Country or region: Michigan
Message: I'm trying to custom match wool/nylon sock yarn to a specific tartan. I use ProChem dyes, and they were kind enough to suggest a combination of 0.85% Flavine Yellow, 0.1% Brilliant Blue, and 0.05% Bright Orange. I am so lost!! I usually measure and achieve good results, but this is for socks for a national champion and I'm not sure what to do with this. Please point me in the right direction on measuring and mixing. I do have a decent scale, and my daughter is a chemical engineering major - she'll be on hand to help. I have reviewed your website and found some applicable posts, but I'm not sure how to combine these suggestions. Thanks so much for any assistance you can provide.
The numbers that ProChem gave you are meant to be used for weight measurements, as compared to the dry weight of the fiber you are dyeing.
For example, if you are dyeing 200 grams (about 7 ounces) of sock yarn, for the Flavine Yellow, you will want to use 200 times 0.85 divided by 100. (Percent means "divided by 100".) That works out to 1.7 grams. For the same 200 grams of fiber, you would use 0.2 grams of Brilliant Blue, and 0.1 grams Bright Orange.
Weigh your fiber so that you can use a calculator to figure out the exact weight of dye needed. If you are dyeing one pound of yarn, that is the same as 454 grams, which would require 3.9 grams of Flavine Yellow, 0.45 grams of Brilliant Blue, and 0.22 grams of Bright Orange. (454 grams of fiber, times 0.85 divided by 100, works out to 3.859 grams, which rounds off to 3.9 grams of dye powder.)
The next problem is that, even if you have a good scale for weighing out your dye, you do not have a scale capable of accurately weighing such small quantities. The answer is to prepare a dilution of your dye in water, so that you can measure out just a small part of it, so as to get just the right amount. You will need some reliable laboratory-type tools for measuring the volume of liquids that are required. Kitchen measuring cups and spoons tend to be inaccurate enough that they could cause difficulties in measuring the amounts you need.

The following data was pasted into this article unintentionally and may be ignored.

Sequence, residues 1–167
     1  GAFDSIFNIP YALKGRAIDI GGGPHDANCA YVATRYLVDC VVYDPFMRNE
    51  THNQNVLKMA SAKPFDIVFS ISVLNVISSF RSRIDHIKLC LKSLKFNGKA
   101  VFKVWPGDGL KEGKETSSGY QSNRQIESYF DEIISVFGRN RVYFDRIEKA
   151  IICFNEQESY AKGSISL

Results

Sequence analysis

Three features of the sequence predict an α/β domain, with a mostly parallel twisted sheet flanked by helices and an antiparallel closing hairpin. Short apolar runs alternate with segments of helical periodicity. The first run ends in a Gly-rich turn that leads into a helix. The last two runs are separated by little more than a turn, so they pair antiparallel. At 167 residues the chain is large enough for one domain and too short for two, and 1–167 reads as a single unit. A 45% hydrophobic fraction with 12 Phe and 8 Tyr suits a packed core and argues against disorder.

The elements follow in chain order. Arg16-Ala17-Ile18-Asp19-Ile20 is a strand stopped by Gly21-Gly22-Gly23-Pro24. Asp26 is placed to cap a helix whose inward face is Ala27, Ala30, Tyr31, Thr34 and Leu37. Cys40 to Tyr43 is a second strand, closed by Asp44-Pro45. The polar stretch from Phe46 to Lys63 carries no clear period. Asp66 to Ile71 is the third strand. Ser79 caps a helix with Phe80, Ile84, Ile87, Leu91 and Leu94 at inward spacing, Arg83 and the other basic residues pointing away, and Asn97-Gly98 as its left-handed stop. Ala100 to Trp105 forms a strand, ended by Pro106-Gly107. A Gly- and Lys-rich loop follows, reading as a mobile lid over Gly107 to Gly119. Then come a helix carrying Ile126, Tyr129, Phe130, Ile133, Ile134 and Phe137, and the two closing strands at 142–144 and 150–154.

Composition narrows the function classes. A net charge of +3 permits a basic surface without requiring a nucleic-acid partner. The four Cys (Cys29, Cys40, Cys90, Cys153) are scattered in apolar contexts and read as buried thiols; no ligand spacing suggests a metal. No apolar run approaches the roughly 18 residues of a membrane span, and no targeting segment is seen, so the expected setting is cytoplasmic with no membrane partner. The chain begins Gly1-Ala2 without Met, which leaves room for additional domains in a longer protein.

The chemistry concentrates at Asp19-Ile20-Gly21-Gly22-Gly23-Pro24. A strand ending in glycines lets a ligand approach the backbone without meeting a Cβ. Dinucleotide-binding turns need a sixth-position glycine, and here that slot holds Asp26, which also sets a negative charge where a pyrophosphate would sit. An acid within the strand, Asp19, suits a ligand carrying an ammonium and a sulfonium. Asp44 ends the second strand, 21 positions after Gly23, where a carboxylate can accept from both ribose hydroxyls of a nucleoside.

I would start with a plastic graduated cylinder in each of three sizes: one liter, 500-milliliter, and 100-milliter. To dissolve your acid dye, place about 300 to 500 milliliters of boiling water into a glass or stainless steel container, such as a one-quart Pyrex glass kitchen measuring cup. While rapidly stirring the water with a stainless steel spoon or a glass stirring rod, gradually pour in 10 grams of acid dye powder, which you have already weighed out using your scale. (Use a piece of waxed paper on your scale to measure the dye powder onto, or a paper cupcake liner or a disposable plastic weigh boat.) After the dye is completely dissolved in the water, so that there are no particles of dye powder suspended in the water and there is no dye at the bottom of the container, pour the mixture into your graduated cylinder. Add more water to bring the total up to exactly 1000 milliliters, which is one liter. This is a 1% stock solution. Some acid dyes can dissolve well at concentrations up to 10% (100 grams per liter), but some cannot dissolve well at more than 1%.
Store this acid dye stock solution in clearly labeled glass or plastic bottles with screw-on caps. Use tape or self-adhesive labels to write on, since permanent marker will be too difficult to read on a bottle containing dark dye. The stock solutions should stay good for six months at room temperature. Be careful, before using it, that none of the dye has settled out on the bottom of the container; if it does, you will need to reheat and stir or shake until the dye has dissolved again. If mold forms, you will need to filter it out before use.
Given a 10-grams-per-liter stock solution, which is a 1% stock solution, you can then easily measure out just as much dye as you need by volume, instead of weight, and still get the precision and accuracy of having weighed your dyes out. (Measuring dye powder by volume, using a teaspoon, gives less reproducible results, because dyes are standardized and sold by weight, not by volume.) Ten milliliters of this stock solution contains 0.1 grams; a hundred milliliters contains 1.0 grams. Going back to the calculations made above, to measure out 3.9 grams of Flavin Yellow, you will need 390 milliliters of a 1% stock solution. For the 0.45 grams you need of Brilliant Blue, if you're dyeing one pound of yarn, you will need to measure out 45 milliliters of a 1% stock solution.
(Use the smallest size graduated cylinder you have that will hold a given volume. Measure the 390 mls in a 500-ml cylinder, and measure the 45 ml in the 100-ml cylinder. Don't measure a small volume like 45 ml in the large 1-liter cylinder, because the measurement will be less precise.)
I will assume that you are using ProChem's recipe for Immersion Dyeing Wool using WashFast Acid Dyes [PDF]. Note that this recipe is for one pound, or 454 grams, of yarn. For larger or smaller quantities, you can scale the other ingredients up or down by the same amount. You will need to add salt, Synthrapol, and some sort of acid such as distilled white vinegar, or citric acid powder, as described in the recipe. For more details on how to prepare stock solutions of dye, and how to use the metric system if it is new to you, I strongly recommend Linda Knutson's book, Synthetic Dyes for Natural Fibers, which is long out of print but still available used online for less than twenty dollars. To buy plastic graduated cylinders, you can look at an online laboratory supplies company, such as Ward Scientific, or American Science and Surplus. Amazon now carries a reasonable assortment of labware, which makes it very easy to find.
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